Interview with composer Tania León regarding “Ser” (world premiere)

Plus lecture on Bernstein’s Serenade after Plato’s Symposium. Upbeat Live, LA Philharmonic.

Interview with conductor Susanna Mälkki and new works composers

Including Francesco Filidei, Arnulf Herrmann, Lotta Wennäkoski, Miroslav Srnka, and Yann Robin. Upbeat Live, LA Philharmonic Green Umbrella.

Sample Topics in Alphabetical Order
Beethoven’s Fidelio.

Interview/discussion with director Alberto Arvelo, DJ Kurs (Artistic Director of Deaf West Theatre), and ASL choreographer Colin Analco before performances of, staged in collaboration with Deaf West Theater (April 2022). LA Philharmonic Upbeat Live.

Behind the Curtain: A Conversation with LA Opera Connects’ College Advisory Committee.

Panel Discussion Moderator.

Choir Loft or Stage? Bach’s St. Matthew Passion as Musical Drama

Lecture, LA Opera’s Opera for Educators.

Class and Gender Politics in Mozart’s Le nozze di Figaro

Lecture, LA Opera’s Opera for Educators.

Dante and Gianni Schicchi: The Quest for “Italian” Art

Lecture, LA Opera’s Opera for Educators.

Early Verdi: The Creative Arc from Nabucco to Rigoletto

Lecture, Opera League of Los Angeles.

Fairytales, Opera, and the Art of Retelling (Rossini’s Cenerentola)

Lecture, LA Opera’s Opera for Educators.

Matthew Aucoin’s Eurydice (World Premier)

Moderator for LA Opera post-performance conversation with Beth Morrison, producer; Danielle de Niesem, soprano; and Raehann Bryce-Davis, mezzo-soprano.

Mozart’s Così fan tutte

Featured expert: “North Stage Door,” Episode 2 (podcast), San Francisco Opera. 

Music, Politics, and Mercy: Mozart’s La clemenza di Tito

Opera for Educators Lecture, LA Opera.

Old and New Musical Styles: Corigiliano’s The Ghosts of Versailles

Lecture, LA Opera’s Opera for Educators.

Opera and Children: Historical Contexts and New Directions

Lecture, LA Opera’s Opera for Educators.

Puccini’s Aida: The Music, The Women, The Drama

LA Opera Podcast Script and Appearance. 

Stravinsky and Cocteau’s Oedipus Rex

Los Angeles Opera Discover Podcast, Featured Guest.

Handel’s Alcina

LA Opera preconcert video lecture

Rossini’s Cenerentola

LA Opera preconcert video lecture.  

Wagner’s Tannhäuser and Rossini’s Cenerentola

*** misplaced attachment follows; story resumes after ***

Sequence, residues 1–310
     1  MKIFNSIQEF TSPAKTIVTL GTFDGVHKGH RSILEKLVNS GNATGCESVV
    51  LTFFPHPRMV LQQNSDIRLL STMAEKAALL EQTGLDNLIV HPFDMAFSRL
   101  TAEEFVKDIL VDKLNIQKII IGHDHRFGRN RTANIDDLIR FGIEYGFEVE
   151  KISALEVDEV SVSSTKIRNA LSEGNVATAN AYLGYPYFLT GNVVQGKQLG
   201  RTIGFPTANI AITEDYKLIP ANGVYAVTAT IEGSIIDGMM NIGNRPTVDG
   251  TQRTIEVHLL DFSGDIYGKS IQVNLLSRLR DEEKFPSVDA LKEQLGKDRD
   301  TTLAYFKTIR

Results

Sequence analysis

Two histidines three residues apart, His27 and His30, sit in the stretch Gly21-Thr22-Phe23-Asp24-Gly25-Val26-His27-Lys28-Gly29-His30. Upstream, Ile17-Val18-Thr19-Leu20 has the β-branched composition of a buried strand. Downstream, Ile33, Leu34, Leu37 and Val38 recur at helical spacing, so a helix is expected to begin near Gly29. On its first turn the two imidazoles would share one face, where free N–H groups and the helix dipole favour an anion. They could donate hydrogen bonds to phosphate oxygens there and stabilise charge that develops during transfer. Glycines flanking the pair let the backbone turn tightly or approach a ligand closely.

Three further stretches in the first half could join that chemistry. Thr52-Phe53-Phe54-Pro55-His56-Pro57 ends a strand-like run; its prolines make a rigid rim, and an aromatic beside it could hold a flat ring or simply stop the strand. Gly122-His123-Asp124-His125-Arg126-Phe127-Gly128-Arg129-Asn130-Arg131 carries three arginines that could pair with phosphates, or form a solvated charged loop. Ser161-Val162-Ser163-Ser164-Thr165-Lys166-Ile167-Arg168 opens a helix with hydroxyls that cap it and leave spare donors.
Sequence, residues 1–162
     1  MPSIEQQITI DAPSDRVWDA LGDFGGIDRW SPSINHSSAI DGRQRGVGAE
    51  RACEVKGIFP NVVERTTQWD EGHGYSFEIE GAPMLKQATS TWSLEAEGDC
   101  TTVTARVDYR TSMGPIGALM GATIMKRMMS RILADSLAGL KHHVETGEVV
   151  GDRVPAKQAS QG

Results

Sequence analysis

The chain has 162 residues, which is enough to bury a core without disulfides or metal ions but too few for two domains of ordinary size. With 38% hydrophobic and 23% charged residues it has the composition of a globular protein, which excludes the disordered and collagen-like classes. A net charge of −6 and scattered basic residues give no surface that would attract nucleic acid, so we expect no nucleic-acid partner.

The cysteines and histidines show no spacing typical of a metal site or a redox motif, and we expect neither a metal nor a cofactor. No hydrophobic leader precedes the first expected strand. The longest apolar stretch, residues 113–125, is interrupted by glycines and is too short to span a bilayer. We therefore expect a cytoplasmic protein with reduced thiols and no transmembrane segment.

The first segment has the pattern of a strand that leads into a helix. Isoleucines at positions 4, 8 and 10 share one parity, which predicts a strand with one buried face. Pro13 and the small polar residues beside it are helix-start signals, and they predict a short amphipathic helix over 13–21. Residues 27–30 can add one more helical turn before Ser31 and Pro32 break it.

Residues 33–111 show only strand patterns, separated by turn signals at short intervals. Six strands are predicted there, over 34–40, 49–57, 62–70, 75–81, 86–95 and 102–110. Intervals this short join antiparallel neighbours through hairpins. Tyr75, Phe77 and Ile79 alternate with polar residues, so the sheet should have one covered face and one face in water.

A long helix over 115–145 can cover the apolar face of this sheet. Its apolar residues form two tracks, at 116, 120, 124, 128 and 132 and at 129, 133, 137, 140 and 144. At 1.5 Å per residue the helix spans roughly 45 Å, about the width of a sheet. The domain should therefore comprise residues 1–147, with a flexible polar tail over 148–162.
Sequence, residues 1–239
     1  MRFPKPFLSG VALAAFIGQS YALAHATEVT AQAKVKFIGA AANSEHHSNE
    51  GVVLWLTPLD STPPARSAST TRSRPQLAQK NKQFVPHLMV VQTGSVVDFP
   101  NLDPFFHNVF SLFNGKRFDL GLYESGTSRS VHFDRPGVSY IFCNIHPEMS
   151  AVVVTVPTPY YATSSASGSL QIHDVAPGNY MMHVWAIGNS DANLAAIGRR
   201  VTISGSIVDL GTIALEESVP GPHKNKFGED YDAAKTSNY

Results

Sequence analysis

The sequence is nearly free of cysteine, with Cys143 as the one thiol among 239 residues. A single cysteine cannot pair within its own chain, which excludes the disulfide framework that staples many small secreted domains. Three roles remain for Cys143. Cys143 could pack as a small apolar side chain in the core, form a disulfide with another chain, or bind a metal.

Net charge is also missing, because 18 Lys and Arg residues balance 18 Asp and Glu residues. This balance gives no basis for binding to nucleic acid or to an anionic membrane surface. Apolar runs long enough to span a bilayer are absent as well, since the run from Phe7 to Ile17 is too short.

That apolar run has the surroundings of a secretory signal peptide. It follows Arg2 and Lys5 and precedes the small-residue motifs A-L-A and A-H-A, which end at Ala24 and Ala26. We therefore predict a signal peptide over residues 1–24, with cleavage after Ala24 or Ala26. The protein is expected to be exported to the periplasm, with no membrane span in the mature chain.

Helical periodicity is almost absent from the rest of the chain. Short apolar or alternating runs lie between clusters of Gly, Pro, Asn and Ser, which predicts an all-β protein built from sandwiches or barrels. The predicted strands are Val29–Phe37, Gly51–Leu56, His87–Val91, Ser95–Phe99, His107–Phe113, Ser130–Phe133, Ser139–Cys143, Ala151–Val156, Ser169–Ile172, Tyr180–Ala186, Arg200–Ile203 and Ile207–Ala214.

Seminar lecture series, Los Angeles Opera Connects.

New Opera: “A Trip to the Moon”

Special dialogue with composer Andrew Norman.

The Two Barbers, or Paisiello Vs. Rossini
Lecture, LA Opera’s Opera for Educators.
What are they singing about? Learning to “Read” Opera
Lecture, LA Opera’s Opera for Educators.
 
Sample Topics in Alphabetical Order
Adams, Harmonielehre

Preconcert interview with conductor Edo de Waart for the Colburn Orchestra.

All-Schumann Program

Preconcert lecture on Overture to Genoveva, Cello Concerto, Symphony No. 3, and Symphony No. 4 for the (organization).

Beethoven and the Orchestra

Preconcert lecture for LA Philharmonic Invited Rehearsals (Special programming for middle school and high school music students).

Beethoven, Piano Concertos 1–3.

Preconcert lecture for the UpBeat Live, LA Philharmonic.

Brahms, Symphony No. 1.

Preconcert lecture for the UpBeat Live, LA Philharmonic.

Bruckner, Symphony No. 4 and Ginastera, Concerto for Harp

Preconcert lecture and interview with conductor Alexander Prior for the Colburn Orchestra.

Concerts for Fifth Graders for Orange County Youth Symphony, Johannes Müller Stosch, director

Narrator and script advisor two programs: Creativity and Overcoming Adversity (2022) and Music and the Elements (2020). 

Debussy, Iberia; Ravel, Piano Concerto for Left Hand; Respighi, The Pines of Rome

Preconcert lecture for the UpBeat Live, LA Philharmonic.

Haydn’s “‘Lord Nelson’ Mass” and Beethoven’s Mass in C.

Pre-recorded preconcert lecture for UpBeat Live, LA Philharmonic.

In Search of “American” Symphonies: Charles Ives & Antonín Dvořák

Preconcert lecture for LA Philharmonic Invited Rehearsals (Special programming for middle school and high school music students).

Nielson, Concerto for Flute